I’m not saying there’s anything intrinsically wrong with the American ethic. It may end up being our species’ limiting factor, which would make sense, given that it’s a very natural way to live and we don’t seem to have to try very hard to acclimatize humans to it. But I don’t think that at our current technological level, it’s sustainable. Picture us as a pack of wolves who have just come across a massive herd of caribou, and while we’re devouring them as quickly as we can, our furry girths expanding to an unhealthy level, we’re calling all of our friends and relatives from less caribou-dense areas, convincing them that they can come and just stand here and eat caribou until they die from lack of exercise and heart failure, happy as clams. Given the chance, any wolf would do this. I don’t think we’re any different. This hypothetical wolf population would grow tremendously and be technically very successful (although other wolves who didn’t join them might think that they were soft and fat and ugly, and lacked a connection to their old wolf cultural activies of hunting and travelling and starving periodically) but eventually, the fat wolves would eat all the caribou, unless they learned caribou husbandry techniques, which they really couldn’t be bothered to do because it would be hard and it would interfere with their caribou-eating techniques. Then they would all die, because they’d have no clue how to go back to running around looking for food.
So I guess that’s the problem with American culture, really - it’s just a little too attractive, and people on the outside looking in, people who were raised with different ideas about consumption and growth and materialism, are uneasy about that. Our instincts tell us that to live this way is good, but unless you were raised American, your cultural values tell you that maybe it’s not such a hot idea after all.

I think that’s enough babbling for one afternoon.

This is an interesting article you’ve written Eris. I agree with much of it.

I think that the success Hollywood has had in dominating the worlds movie industry has made America look lusher, happier, more apealing. When you see so many American movies you start to believe that everything in them is true to the letter. Therefore you want to move there, you want to imitate them, become like them. Please forgive me, but I think this propaganda has worked enormously well for the US.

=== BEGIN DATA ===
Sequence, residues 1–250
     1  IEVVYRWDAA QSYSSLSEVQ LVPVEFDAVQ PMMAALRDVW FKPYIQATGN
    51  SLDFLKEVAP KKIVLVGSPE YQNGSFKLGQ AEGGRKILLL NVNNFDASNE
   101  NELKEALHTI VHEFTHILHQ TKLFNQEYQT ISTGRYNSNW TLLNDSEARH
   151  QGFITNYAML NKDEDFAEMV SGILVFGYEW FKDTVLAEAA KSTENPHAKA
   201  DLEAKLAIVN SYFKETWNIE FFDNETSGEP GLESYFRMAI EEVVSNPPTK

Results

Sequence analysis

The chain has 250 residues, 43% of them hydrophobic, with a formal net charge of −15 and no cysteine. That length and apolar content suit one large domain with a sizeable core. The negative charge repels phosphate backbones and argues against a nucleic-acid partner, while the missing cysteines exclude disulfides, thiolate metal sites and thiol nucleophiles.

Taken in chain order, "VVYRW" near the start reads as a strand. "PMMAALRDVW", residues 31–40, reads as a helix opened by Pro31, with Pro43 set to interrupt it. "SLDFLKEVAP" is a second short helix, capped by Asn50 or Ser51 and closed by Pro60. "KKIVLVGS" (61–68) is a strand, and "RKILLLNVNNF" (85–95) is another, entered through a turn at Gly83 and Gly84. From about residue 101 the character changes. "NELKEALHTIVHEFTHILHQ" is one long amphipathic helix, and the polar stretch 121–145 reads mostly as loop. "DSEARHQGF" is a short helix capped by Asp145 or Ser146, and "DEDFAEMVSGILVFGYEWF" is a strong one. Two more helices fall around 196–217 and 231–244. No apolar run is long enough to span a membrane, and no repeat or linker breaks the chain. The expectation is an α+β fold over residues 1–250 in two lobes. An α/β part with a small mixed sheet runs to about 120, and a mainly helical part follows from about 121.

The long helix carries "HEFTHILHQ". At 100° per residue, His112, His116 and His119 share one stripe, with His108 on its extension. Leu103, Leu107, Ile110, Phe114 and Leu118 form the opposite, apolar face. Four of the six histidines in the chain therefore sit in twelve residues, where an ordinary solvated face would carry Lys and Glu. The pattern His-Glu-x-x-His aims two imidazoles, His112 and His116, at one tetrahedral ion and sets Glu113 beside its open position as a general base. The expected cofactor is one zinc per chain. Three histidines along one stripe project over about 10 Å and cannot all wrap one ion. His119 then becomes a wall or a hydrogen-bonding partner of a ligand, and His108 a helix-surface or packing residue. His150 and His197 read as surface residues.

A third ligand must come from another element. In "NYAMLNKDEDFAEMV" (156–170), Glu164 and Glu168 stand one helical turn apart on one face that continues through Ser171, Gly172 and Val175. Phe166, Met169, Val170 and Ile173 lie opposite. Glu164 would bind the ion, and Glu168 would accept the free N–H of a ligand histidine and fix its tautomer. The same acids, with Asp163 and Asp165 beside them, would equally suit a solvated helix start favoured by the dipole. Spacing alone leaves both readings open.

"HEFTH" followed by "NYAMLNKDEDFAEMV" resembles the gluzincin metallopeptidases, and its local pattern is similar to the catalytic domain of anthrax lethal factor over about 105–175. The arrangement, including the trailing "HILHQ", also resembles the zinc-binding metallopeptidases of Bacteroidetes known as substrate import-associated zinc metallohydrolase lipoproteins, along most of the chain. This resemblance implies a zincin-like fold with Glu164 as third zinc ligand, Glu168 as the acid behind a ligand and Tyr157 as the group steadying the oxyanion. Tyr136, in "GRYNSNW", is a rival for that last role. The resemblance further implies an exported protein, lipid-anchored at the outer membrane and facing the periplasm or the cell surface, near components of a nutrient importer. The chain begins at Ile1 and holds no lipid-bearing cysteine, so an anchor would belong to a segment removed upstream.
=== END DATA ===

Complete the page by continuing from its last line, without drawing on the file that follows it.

My brother and my friend lived for one year in seperate parts in the US as exchange students. What they told me was that allthough they lived with wonderfull families and made some good friends there, they would never considder moving there. Their wiew of America changed a lot during that year.

What they also said was that Americans considder them selves the free’est(how the hell do you spell that) nation in the world, while at the same time experienced a lot more freedom at home. What they were talking about was curfew at night, cencored books in highschool, fear of being murdered, and so on. So Hollywood portrays America as the Über-promised land which in fact it is not.

So getting back to the Hollywood thing. If for some reason Hollywood was in Germany, maybe Baiern, we would all be eating sauerkraut und Bratwurst, and wearing Deutsche Lederhosen, cursing them for imposing German culture upon us.

I rest my case, waiting for the guilty verdict of trolling.(whatever that is)

Aufviedersehen, oder sonnst Mann sagen aufviederlesen…?

Maybe I’m not understanding this thread, but I think you all are missing the point.

In the rush to contain the evil Red menace, the US spent billions building up nations around the globe as buffer zones to commie aggression. Amongest the things we built were tv and radio stations. Then we slapped our foreheads and said “You guys don’t have a tv industry? Here! For a (small fee) you can have ours!” The results were to make shows like ‘Little House on the Prairie’ the most popular show in Turkey. We have without any evil designs thrust America upon the entire globe. Everybody wants to be a middle class white American.

It’s somewhat narrow sighted to then say no one is forcing these people to buy American goods when American life is being sold to them through tv. It is equally unfair to demand that these countries stop acting that way. We still haven’t forgiven Iran for trying to toss the American devil out. A “revolution” that has already failed, even if they don’t know it yet.

It gets down to the level of Americas bemoaning the loss the Amazon rain forest without offering any reason for the peasant farmers there to stop the slash and burn. It is within our means to go down and buy the land just as it was in our means to buy up all those former Soviet nukes. But that requires long term thinking and planning and in America the only thing that matters is the current market quarter.

The evil that remains is the promise that being American will make your life better. That there is some magic formula of American success. The result is the “One people. One planet. One slab of concrete” joke. Having the world owned by Wal-Mart, Disney and Ford is not in anyone’s best interest.

Mann soll ‘viederlesen’ sagen. ; )

I believe America would be largely condemned and resented no matter what we did. We are a very large, very rich country, with a powerful military. If something goes wrong in the world, we are condemned because we had the power to stop it. No matter what evil occurs, it was always “within our means” to stop it. On the other hand, when we do intervene overseas, there is always at least one group condemning us for heavy-handed interference. It’s time we stopped paying so much attention to these things and work on our processes for deciding what WE think is right. The inefficiency in this seems to be our chief weakness as a nation right now, in my opinion, or one of them anyway.